Meet a Member: Molly Klocksin

Molly Klocksin joined NFPW early in her career and rejoined Nebraska Press Women three years ago. She has been active ever since rejoining, even helping plan an affiliate conference. Molly attended her first NFPW communications conference last fall after being awarded a First Timer Grant from the NFPW Education Fund. It is nice to have her back as an active member and we hope to see her again this fall in Alabama. I hope you take time to get to know this unique and unbelievable NFPW member.

Name: Molly Klocksin

City and State: Lincoln, Nebraska

Molly Klocksin

Molly Klocksin

Affiliate and any leadership positions: Parliamentarian, Nebraska Press Women affiliate

Years a member of NFPW: About 3 years in this century.

Tell us a little about you.

I grew up in suburbs of Milwaukee, Wisconsin. My paternal grandfather was a small-town newspaper publisher, and a paternal uncle was a TV news anchor and state legislator. My parents read newspapers and watched the news on TV; we often talked politics at the dinner table. One of my earliest political memories is accompanying my mom to the polls for the 1960 JFK/Nixon presidential campaign. The “lunch ladies” from my elementary school were poll workers!

All through school, I was interested in news and politics. During the summer of 1967, I kept a diary describing what the newspapers and TV stations were reporting about the race riots in Milwaukee.  At one point, I wrote, “I sound like a reporter!”

In high school, I was co-editor of the school paper. I went on to study journalism and political science at the University of Wisconsin- Eau Claire. Journalism was popular in that Watergate era, but I think I may have been a “J” major, anyway.

In my early career, I worked at newspapers – a suburban weekly and a small-city daily. I worked hard, and worked long hours, but the work and the people suited me. I later worked as a press secretary for U.S. Senator Jim Exon, D-Nebraska in Washington, D.C., and for the University of Nebraska-Lincoln., writing press releases and feature stories about agriculture. I then took a detour into my current position as a Case Advocate for Disability Rights Nebraska, and earned a master’s degree in counseling from Doane University in Lincoln. I still feel like a reporter when I investigate abuse/neglect in facilities for people with mental illness. I interview people and observing their surroundings, and then I take the details to our agency’s attorneys – much like I used to gather information for stories that went to editors. I’ve written an Op Ed piece, some press releases and blogs for our agency. .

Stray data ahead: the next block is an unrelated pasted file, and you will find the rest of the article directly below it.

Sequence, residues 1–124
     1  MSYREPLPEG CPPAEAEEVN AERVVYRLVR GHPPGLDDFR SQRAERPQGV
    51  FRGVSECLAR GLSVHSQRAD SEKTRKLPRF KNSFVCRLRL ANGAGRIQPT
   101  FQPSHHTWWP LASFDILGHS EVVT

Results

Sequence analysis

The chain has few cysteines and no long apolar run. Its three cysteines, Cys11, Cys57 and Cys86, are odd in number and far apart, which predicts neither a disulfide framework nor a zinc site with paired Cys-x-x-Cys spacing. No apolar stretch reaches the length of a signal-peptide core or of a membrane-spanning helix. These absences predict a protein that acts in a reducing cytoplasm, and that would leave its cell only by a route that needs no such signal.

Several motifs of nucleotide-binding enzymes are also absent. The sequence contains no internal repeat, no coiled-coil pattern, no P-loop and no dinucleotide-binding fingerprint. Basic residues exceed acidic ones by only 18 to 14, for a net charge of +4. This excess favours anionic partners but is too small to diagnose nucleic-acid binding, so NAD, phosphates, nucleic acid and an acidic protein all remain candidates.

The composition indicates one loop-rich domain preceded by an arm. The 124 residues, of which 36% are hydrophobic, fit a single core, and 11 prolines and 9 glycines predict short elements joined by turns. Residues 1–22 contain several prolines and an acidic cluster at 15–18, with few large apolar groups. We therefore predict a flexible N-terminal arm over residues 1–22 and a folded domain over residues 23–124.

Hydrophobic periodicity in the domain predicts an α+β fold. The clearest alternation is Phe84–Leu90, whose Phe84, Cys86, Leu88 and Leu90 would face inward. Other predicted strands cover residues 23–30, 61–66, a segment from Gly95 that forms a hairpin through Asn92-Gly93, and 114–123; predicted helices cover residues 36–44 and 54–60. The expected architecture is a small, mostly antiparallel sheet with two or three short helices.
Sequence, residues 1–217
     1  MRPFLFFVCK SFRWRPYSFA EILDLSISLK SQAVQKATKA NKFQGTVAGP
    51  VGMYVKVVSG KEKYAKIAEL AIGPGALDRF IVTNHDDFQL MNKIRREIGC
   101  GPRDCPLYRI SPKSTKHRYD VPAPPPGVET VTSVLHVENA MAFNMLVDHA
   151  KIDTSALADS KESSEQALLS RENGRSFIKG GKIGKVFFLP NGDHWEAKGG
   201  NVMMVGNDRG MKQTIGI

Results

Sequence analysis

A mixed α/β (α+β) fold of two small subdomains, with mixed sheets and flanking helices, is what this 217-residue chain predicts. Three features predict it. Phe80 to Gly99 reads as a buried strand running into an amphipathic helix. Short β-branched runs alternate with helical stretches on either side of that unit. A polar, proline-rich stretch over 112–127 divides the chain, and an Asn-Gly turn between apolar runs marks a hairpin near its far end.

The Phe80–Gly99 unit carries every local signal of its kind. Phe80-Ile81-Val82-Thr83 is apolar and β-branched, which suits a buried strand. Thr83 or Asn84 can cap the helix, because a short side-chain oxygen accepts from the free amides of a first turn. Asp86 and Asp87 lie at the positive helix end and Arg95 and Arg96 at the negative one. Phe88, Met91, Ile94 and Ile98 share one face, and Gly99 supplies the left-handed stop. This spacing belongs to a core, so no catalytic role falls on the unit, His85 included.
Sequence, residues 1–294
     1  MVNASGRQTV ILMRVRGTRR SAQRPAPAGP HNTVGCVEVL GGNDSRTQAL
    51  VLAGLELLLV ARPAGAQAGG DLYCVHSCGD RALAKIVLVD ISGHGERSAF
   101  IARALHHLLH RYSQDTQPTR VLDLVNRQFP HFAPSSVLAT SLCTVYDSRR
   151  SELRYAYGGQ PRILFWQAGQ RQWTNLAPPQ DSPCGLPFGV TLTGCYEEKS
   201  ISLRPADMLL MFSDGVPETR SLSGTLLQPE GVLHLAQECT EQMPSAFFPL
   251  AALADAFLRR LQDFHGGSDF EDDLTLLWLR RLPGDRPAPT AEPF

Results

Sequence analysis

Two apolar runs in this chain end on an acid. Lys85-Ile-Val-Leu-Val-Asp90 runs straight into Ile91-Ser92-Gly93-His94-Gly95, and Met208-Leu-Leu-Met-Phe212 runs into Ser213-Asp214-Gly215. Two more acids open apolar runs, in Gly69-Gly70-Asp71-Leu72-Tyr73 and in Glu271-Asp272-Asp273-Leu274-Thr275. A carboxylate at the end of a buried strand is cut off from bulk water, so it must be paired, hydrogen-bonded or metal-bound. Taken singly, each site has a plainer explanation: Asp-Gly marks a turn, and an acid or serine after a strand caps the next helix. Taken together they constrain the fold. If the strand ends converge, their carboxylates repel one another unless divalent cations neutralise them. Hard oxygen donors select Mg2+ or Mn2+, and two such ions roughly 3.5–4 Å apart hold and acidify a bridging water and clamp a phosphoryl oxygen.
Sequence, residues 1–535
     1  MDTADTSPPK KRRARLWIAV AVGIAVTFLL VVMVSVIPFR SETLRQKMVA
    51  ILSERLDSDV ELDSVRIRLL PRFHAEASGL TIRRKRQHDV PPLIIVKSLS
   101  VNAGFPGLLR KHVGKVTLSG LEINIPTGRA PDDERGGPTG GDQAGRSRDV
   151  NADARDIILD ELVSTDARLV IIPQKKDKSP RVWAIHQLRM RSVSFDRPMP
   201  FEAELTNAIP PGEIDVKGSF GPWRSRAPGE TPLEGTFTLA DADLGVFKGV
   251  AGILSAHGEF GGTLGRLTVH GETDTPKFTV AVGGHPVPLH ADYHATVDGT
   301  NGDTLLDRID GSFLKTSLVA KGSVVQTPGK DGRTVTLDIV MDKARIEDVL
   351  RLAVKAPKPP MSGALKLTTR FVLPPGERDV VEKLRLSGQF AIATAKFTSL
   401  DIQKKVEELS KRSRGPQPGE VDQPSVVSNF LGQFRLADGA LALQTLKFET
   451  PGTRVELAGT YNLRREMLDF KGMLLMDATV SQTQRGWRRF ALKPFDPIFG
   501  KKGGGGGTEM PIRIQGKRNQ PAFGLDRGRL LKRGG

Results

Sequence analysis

Any career advice you would give?

Be willing to move for a job. My dad told me I’d have rocks in my head to move to Grand Island, Nebraska. But I wanted to work at a daily newspaper, and I figured working in a lightly populated state’s third largest media market would be a good opportunity. I was right!

Which talent would you most like to have?

I’ve always wanted to be a certified Jazzercise instructor. I’ve been a student for years. It keeps me sane.

If you could live anywhere, where would it be?

I’d like Santa Fe, N.M. in the winter. And northern Wisconsin in the winter.

What book are you reading?

“Leaving the Pink House,” by Ladette Randolph. She’s a Nebraskan, and she writes about all the houses she has lived in. She also writes about renovating an old house with her husband. This book resonated with me because my domestic partner is building us a custom log and stone house on his farmland outside of Lincoln. He does the vast majority of the work, of course, but we often talk about the “Big House on the Prairie” and plan our future there with our cats. We’re hoping to make many happy memories there with visits from his two adult daughters and four adult grandchildren.

What would people be surprised to learn about you?

When I was young, my mother called me “The Next Nancy Dickerson.” Nancy was the first female correspondent on network television. She was from a Milwaukee suburb, and graduated from my mother’s alma mater, the University of Wisconsin-Madison.   Nancy Dickerson’s son, John Dickerson, now hosts “Face the Nation.”  I wrote to him on Facebook after I read his book about his mother. He “liked” my comment. Mom would have gotten a kick out of that!

Why is your affiliate and NFPW important to you?

I’ve met great friends at NFPW and Nebraska Press Women events. Even though I no longer work in the media per se, I still enjoy the company of journalists. Of course we have professional development opportunities, but it’s the people and sense of community that matter most to me. When a member loses a parent or other loved one, NPW members are the first  to send a card. That thoughtfulness is hard to find elsewhere these days!

Way to follow you on a website, twitter, Facebook, etc.

My Twitter handle is @annalia2013. I’m on Facebook as Molly Klocksin.

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